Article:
Edited by Jack W. Meek
Chapter 19: Limitations of collaborative public management in American fiscal federalism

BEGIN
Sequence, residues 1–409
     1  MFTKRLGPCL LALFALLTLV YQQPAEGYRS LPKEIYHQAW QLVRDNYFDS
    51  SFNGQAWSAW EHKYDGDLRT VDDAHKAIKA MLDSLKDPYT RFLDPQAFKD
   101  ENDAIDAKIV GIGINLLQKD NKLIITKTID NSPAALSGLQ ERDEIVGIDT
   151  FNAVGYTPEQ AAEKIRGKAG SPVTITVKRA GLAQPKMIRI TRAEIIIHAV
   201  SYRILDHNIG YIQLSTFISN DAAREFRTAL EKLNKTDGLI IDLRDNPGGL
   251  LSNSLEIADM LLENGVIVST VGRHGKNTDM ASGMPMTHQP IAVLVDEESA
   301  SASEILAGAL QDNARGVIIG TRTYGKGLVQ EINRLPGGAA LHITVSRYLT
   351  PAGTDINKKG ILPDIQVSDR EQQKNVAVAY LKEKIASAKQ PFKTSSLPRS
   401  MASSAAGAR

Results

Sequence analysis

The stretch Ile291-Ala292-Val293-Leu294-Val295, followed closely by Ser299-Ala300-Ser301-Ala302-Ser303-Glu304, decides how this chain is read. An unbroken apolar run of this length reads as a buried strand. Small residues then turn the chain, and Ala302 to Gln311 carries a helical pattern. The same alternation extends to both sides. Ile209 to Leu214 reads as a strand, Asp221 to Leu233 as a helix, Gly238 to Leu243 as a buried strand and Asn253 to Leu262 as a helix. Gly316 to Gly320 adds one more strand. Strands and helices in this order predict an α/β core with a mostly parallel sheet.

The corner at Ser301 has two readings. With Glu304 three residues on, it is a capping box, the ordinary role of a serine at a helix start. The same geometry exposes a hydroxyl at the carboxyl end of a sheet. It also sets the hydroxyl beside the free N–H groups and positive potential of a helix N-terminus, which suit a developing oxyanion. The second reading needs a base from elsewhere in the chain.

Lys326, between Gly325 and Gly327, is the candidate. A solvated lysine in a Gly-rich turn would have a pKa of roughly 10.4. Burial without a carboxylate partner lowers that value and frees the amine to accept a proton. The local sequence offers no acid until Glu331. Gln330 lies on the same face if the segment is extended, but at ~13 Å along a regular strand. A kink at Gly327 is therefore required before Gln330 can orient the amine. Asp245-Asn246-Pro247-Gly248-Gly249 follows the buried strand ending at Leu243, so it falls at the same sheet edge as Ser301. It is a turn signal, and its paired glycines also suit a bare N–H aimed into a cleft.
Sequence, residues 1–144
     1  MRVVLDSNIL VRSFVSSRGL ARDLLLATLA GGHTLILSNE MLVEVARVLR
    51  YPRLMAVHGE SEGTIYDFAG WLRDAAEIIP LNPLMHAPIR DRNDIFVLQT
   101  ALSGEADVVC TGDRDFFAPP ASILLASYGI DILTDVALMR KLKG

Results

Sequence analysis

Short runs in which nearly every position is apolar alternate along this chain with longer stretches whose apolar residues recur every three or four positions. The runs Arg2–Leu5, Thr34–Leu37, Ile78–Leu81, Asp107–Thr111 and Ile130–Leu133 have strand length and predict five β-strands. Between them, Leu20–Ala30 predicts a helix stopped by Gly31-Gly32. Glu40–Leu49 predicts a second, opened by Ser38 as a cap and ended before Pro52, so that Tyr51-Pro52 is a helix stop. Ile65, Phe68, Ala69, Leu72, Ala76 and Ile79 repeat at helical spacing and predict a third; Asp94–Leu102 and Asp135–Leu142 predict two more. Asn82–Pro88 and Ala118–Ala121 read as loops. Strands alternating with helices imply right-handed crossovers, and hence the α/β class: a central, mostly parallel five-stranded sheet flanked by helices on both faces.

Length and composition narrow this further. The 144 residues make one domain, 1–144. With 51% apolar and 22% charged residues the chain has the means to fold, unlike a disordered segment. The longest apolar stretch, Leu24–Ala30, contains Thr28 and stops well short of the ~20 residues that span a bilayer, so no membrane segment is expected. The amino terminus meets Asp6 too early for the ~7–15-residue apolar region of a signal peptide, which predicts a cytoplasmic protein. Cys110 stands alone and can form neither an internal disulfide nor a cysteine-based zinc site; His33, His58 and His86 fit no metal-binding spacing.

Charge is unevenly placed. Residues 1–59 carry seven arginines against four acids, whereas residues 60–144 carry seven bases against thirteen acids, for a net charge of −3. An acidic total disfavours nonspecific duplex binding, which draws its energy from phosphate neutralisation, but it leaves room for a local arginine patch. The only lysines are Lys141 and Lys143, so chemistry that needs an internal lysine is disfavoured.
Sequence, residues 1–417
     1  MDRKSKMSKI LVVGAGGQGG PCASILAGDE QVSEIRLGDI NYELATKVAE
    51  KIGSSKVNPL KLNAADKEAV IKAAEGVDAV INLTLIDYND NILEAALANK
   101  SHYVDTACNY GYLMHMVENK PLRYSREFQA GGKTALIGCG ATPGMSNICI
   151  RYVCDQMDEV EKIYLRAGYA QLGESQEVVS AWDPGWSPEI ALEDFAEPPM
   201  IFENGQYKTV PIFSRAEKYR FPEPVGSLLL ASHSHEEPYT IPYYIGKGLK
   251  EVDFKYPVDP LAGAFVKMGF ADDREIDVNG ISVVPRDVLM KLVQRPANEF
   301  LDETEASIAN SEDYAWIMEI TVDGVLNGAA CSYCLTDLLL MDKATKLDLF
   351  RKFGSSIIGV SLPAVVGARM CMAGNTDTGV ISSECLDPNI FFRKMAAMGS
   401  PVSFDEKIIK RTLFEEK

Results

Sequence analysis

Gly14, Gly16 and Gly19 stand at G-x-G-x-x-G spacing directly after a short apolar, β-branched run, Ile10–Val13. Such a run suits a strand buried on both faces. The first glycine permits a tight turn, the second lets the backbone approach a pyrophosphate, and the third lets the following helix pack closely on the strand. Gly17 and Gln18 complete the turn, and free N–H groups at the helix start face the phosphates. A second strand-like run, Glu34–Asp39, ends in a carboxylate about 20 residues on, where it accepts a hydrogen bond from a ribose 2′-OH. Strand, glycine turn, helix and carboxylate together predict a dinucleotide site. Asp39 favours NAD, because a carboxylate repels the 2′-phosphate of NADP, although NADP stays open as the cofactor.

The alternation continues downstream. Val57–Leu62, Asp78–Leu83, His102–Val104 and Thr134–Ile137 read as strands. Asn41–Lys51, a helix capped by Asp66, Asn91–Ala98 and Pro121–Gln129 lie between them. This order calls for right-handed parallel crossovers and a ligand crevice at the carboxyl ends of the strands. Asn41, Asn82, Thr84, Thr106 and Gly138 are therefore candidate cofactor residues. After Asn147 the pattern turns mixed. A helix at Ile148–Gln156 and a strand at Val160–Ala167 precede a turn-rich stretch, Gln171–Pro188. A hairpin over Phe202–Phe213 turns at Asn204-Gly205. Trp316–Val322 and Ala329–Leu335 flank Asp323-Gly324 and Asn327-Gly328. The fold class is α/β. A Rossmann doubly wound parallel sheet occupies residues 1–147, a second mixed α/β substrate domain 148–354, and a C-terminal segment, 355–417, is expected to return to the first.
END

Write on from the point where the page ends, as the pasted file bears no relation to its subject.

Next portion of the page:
This chapter examines collaborative public management (CPM) in the context of the existing, fragmented regional governance structure. In particular, I discuss the limitations of CPM in managing orderly land use planning and intra-regional fiscal inequity due to the inherent tension between localism and regionalism in American fiscal federalism. Researchers have shown that it is unlikely to solve issues involved in equity and redistribution by relying on voluntary inter-local collaboration. At the same time, however, they also acknowledge that local governments have resisted to a regional government and that state governments have hesitated to take action to create a politically accountable regional government. The challenge is to find a way of state’s direct action for region-wide planning and intra-regional redistribution while preserving local governments’ autonomy. As one of the examples, this chapter provides a regional fiscal redistributive policy, tax-base sharing that has been implemented in the Twin Cities metropolitan area since 1975.
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